LOOK DEEPER: A Look into the Role of Performing Arts in Enabling Empathy
A Panel with Special Guests Tory Teasley & Lilan Kane
Tuesday, October 18 at 4:30pm | Berkeley Cabaret
A community event hosted by The Marsh Arts Center in collaboration with students from UC Berkeley. Aimed to highlight the role of performing arts in enabling communication between cultures. We are also focusing on the role of the performing arts in creating empathy in the audience and allowing people of different cultures to connect emotionally.
About the Panelist:
Alissa Stover and Marco Amezcua are undergraduate psychology students at UC Berkeley. Through a Decal (“Democratic Education at Cal”) program allowing students to lead classes, Alissa and Marco are teaching a course on empathy for the fall 2016 semester. Both have a strong interest in the performing arts, and would like to have an opportunity for their fellow classmates to investigate their role in fostering empathy between diverse communities. How are emotions shared between performer and audience? Do the performing arts make a true difference in communities in terms of promoting equality and peace? What makes a performer more effective in their role in the community?
Special Guest Biography
Tory Teasley is a Bay Area native. Tory started his journey of singing at the age of 12. He began his training in classical music, later to vocal jazz at the Berkeley Jazz School under the direction of Grammy nominated Ledisi. Tory has performed all over the Bay Area, from Bases Loaded in Pittsburgh, to the Brava Theater in San Francisco and even to the east coast where he sung Mozart’s Requiem at Carnegie Hall. Tory’s sound is described as “honey and silk in a romantic love affair.” With the encouragement of his family and community Tory has been able to tend to his calling with confidence.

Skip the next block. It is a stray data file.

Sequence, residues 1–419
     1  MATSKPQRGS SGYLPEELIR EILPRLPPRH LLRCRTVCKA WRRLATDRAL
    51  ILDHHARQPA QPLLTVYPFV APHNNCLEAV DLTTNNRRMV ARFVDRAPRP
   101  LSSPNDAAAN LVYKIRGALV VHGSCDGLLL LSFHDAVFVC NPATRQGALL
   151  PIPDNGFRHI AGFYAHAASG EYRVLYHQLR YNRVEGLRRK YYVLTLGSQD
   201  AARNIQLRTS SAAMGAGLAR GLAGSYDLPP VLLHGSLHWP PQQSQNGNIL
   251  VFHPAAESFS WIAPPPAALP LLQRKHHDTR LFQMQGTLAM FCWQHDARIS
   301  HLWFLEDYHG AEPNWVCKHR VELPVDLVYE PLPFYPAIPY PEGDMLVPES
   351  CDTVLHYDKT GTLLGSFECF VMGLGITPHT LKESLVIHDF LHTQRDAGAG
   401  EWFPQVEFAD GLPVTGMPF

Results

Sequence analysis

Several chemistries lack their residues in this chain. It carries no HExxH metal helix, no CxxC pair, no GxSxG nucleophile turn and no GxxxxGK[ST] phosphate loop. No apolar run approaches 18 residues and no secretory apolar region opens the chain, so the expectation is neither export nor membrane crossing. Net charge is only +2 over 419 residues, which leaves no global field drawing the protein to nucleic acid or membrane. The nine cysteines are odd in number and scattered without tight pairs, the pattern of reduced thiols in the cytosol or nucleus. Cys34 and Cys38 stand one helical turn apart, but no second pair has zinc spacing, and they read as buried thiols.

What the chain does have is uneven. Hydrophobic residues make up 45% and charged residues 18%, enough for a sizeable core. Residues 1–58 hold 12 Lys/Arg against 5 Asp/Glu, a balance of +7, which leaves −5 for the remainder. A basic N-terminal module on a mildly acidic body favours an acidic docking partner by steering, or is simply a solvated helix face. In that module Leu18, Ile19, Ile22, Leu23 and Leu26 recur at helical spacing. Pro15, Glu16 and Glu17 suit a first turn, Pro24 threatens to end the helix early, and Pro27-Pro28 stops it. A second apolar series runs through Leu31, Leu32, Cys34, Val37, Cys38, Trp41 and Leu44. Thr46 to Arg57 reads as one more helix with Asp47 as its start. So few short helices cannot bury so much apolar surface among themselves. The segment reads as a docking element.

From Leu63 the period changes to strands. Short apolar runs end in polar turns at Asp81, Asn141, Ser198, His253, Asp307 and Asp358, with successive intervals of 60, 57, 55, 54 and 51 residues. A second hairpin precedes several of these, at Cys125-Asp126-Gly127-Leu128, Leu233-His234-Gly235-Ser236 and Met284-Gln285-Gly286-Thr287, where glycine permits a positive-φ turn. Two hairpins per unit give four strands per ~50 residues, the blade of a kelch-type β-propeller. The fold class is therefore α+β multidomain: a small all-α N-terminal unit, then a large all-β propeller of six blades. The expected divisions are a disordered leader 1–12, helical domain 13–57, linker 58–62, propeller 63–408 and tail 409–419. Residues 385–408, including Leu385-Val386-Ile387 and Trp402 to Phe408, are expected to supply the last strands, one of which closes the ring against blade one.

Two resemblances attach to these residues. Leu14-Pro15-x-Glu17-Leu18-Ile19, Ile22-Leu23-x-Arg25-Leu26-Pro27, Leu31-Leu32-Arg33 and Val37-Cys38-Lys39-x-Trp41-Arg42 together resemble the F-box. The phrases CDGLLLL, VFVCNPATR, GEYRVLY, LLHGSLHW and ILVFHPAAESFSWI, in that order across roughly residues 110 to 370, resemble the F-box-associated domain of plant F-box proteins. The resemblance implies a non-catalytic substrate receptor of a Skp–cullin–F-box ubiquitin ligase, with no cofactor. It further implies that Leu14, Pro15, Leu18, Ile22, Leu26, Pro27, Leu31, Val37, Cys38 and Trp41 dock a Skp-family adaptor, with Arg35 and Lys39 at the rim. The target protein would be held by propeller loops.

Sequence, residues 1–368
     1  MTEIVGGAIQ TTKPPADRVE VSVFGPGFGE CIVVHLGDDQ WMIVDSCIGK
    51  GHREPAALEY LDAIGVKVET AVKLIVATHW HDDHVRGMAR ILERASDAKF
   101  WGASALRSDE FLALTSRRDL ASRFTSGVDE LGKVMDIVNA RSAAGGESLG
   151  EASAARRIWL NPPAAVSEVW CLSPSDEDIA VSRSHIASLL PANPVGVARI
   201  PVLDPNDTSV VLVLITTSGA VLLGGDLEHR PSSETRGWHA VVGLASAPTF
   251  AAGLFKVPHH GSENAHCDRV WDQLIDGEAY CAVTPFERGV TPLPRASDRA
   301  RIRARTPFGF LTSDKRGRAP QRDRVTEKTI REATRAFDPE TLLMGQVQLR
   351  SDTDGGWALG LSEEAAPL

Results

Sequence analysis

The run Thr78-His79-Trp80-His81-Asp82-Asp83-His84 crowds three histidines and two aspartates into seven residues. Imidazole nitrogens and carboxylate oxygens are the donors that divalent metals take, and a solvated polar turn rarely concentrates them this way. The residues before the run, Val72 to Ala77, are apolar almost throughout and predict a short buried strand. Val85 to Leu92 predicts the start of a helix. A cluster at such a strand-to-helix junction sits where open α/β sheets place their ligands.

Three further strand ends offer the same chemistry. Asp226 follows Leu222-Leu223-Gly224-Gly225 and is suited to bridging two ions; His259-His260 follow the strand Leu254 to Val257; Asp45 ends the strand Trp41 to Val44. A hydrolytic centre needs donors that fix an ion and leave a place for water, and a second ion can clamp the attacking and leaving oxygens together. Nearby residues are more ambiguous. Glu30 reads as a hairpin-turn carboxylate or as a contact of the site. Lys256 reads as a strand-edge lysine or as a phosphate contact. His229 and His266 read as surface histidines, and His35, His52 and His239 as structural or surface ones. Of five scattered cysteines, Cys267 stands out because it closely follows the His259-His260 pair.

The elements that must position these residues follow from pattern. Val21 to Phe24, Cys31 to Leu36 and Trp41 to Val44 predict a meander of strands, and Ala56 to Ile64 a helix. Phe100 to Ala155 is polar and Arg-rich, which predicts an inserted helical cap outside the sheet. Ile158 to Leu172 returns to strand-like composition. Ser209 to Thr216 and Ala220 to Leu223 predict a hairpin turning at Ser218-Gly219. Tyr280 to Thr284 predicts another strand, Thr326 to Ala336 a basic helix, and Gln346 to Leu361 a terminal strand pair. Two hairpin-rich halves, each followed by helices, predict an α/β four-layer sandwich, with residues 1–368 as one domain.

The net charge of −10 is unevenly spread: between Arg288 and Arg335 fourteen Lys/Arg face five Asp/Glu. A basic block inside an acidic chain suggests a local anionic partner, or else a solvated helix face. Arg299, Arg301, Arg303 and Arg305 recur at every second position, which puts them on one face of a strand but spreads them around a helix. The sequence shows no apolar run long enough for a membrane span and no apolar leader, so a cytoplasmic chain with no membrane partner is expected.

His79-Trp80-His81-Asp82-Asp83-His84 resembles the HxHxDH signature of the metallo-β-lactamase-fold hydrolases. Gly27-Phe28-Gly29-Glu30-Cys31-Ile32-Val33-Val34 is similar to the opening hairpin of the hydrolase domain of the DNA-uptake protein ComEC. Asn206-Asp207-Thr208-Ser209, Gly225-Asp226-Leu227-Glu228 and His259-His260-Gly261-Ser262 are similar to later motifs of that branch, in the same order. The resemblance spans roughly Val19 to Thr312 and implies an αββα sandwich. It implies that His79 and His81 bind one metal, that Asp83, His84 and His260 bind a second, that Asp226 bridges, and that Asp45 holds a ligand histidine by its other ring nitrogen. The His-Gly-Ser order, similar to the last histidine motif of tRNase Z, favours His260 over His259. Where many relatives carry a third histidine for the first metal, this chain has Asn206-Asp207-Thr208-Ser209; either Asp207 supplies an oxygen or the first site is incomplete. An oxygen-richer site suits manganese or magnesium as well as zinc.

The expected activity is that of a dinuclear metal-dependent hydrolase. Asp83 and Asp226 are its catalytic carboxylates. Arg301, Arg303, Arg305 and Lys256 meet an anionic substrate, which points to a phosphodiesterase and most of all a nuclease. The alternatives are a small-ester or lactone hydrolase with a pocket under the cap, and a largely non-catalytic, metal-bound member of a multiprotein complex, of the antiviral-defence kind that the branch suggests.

Lilan Kane. At a young age, she knew music was her calling. Begging her mom for piano lessons, she started in kindergarten, and began exploring her voice as she would sing along with her piano lesson songs. Soon her father introduced to her several soul and blues greats Etta James, Ray Charles, James Brown, and BB King. From then on, she was hooked. She soaked up any soulful record she could get her hands on trying to emulate the vocal stylings, phrasing and feeling. It’s no wonder she has picked up pieces of her favorite artists to incorporate her own sound.
Lilan Kane (pronounced LEE – lawn) captures the soul of Aretha, the charm of Ella, and the sassiness of Etta. Her soulful compositions tell stories of love, loss, and self-discovery. She is a soulful artist who is not afraid to be raw, real, and vulnerable on and off stage. Her highly anticipated debut album, “Love, Myself” is scheduled to release in January 2016. She has shared the stage with J. Cole, Delta Rae, Lenny Williams and sung at the Fillmore Jazz Festival, San Jose Jazz Festival, the Whisky A Go-Go and Yoshi’s.
Lilan graduated from the prestigious Berklee College of Music in Boston. She studied with Grammy award winning vocal arranger Donna McElroy and drummer/arranger Kenwood Dennard. She also studied background singing, arranging, and music business courses. She graduated with a degree in Music Business and Management. After a few years in New York City working on the business side, she returned to her roots in the San Francisco Bay Area to pursue life as a musician. Lilan Kane has become a highy sought after featured vocalist in the Bay Area working heavily in the jazz, soul, and corporate circuits. She is scheduled to release her album of originals in January 2016.
Tickets: $15 – $35 sliding scale | $55 and $100 Reserved Seating
Tuesday, October 18 at 4:30pm
For more information on the sliding scale ticketing policy, late seating and reserved seating please click here.
- May 9, 2018 7:30 PMDon't You Have Dignity Mama? 05-09-18 (SF)
Buy Tix by phone:
Monday – Friday 1 – 4pm, 415.282.3055
(Additional service fees apply)